Disney’s age of remakes continues strongly as they bring more cartoons to life. Their latest product is Pete’s Dragon, a whimsical, musical that many of us remember dancing to as kids. So naturally they want to try and recreate the magic with a remake. Robbie K here with another review on the latest movie to grace the silver screen, so let’s get started.
- Elliot was animated fantastically
- Decent story with deep emotions
- Good Acting
As I mentioned, Elliot was a cartoon dragon who hummed and sang the movie away in a colorful display. So to see that two-dimensional dragon brought to life in three-dimensional computer animation was certainly awesome. Elliot’s transformation was beautifully done and incredibly detailed from the slobber of his mouth to the green mass of his fur. The dragon’s loveable mug, deep caring eyes, and magnificent persona were all captured in his design and brought with it a wave of nostalgia (minus the absence of the purple hair and tuft). In terms of his animation, again the CGI team at Disney brings top-notch work from majestic flight to blending into the background of the forest. Some people were definitely paying attention in anatomy-physiology class.
Outside of the animation, the story is surprisingly deeper than initially expected. If you remember the first movie, it was film set on whimsical music and a cute fun atmosphere. Not the case for this film. Instead of singing and dancing, this rendition chose to take a deeper journey that explored concepts like loyalty, family, and love. Despite their adventures among the forest and animated deer, Pete and Elliot’s relationship felt more like guardian and pet, rather than best pals to pull pranks with. Once the other humans joined up with him, the emotional kick only hit harder, building up to “heated” moments that tugged at your heartstrings. While I didn’t shed a tear, I can’t deny that at times I felt something brewing in my chest.
And helping bring that story to life is a well selected cast who brought their A game to the table. Bryce Dallas Howard played the overbearing, wannabe parent well, especially the overly doting atmosphere. Robert Redford, rocked as the wise man of the town, bringing comedic relief to the mix and fun grandpa atmosphere. But the real star of the show for me was Oakes Fegleyy, who played the wild Pete exactly as I expected him to be portrayed with a wild sense of curiosity matched only by his innocence and loyalty. Plus the kid knew how to act with an imaginary creature.
- Not as much fun
- Diluted antagonist
- A bit cliché at times
Okay the movie was still fun in its own manner, but I didn’t enjoy it quite as much as I did the original. I missed the colors, music, and energy of the first film that held immense energy that used to have me singing and laughing for days. This movie’s more serious nature, darker color scheme, and powerful symphony music hold little of that energy. Only a few playful moments came close to that classic fun, primarily when Elliot was more like an adorable pet fetching sticks.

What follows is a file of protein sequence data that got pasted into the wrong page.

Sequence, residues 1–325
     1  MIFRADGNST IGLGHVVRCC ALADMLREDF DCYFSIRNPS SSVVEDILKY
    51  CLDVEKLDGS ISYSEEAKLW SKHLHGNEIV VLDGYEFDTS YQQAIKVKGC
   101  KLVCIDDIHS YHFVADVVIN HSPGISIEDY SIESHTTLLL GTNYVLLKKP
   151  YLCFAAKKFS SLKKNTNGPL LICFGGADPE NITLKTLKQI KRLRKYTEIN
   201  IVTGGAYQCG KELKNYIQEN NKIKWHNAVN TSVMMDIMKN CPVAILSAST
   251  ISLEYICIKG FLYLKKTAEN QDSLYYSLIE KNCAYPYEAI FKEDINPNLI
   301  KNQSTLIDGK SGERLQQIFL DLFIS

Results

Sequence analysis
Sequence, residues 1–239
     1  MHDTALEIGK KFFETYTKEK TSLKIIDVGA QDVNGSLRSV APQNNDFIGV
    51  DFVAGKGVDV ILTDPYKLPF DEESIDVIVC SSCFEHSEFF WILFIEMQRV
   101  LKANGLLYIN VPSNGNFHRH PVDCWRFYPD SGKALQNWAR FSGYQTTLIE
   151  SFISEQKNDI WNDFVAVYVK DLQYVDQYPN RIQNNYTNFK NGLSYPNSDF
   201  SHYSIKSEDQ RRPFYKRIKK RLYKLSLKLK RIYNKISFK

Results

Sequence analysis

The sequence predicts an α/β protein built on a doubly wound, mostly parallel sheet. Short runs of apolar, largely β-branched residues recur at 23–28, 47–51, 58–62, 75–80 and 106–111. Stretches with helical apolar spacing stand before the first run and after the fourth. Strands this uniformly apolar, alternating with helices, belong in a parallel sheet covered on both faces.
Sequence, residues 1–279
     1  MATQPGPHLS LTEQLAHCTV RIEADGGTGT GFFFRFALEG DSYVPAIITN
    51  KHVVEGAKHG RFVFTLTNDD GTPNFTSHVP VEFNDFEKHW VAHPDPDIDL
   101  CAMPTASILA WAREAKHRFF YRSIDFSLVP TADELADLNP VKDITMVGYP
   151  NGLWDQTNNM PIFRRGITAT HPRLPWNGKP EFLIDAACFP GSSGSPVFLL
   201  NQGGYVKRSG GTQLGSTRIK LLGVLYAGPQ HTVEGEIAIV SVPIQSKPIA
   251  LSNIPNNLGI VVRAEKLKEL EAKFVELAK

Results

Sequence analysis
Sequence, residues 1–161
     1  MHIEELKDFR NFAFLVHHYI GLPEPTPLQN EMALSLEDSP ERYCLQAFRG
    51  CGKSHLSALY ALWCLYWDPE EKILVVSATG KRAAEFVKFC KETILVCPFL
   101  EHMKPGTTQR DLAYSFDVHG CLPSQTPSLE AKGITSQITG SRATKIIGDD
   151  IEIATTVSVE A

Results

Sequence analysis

Another thing that I didn’t enjoy as much was the supposed “bad” guy of the film known as Gavin, played by Karl Urban. Urban did a fine job with his character, but the directing team did not design a villain as rotten as the original’s Dr. Terminus. Gavin was a single-minded boob, who had little character development, a rather lame goal, and a surprisingly effective arsenal. He brought little threat to the movie, and most of the “exciting” conflicts were actually pretty low key that robbed the film of excitement.
Finally the overly cliché moments of the movie are a bit cheesy and a bit lacking in the fulfilling department. Much of the “surprises” are not really that surprising, but instead go down the expected avenue of Disney plots. Some times these moments are actually nicely done, well designed and well orchestrated to fill you with a warm feeling. Other times these moments are very shallow and overly cheesy, like something out of an episode of Full House. However, this is a very minor weakness for me and at least brings good lessons and character development with them.
Pete’s Dragon is certainly another display of Disney’s ability to modernize their movies. Insane animation, a well-constructed cast, and an emotional story are certainly the selling points of this Disney movie. I can definitely appreciate the direction they took this in, but it still wasn’t as much fun or filled with Disney magic as the original 1977 film. Still, the young and young at heart will have fun with this movie and most likely enjoy the theatrics. I think I have told you the recommended audience to see it in the theaters, but this reviewer would state this one can wait for the RedBox.
My scores are:
Movie Overall: 7.0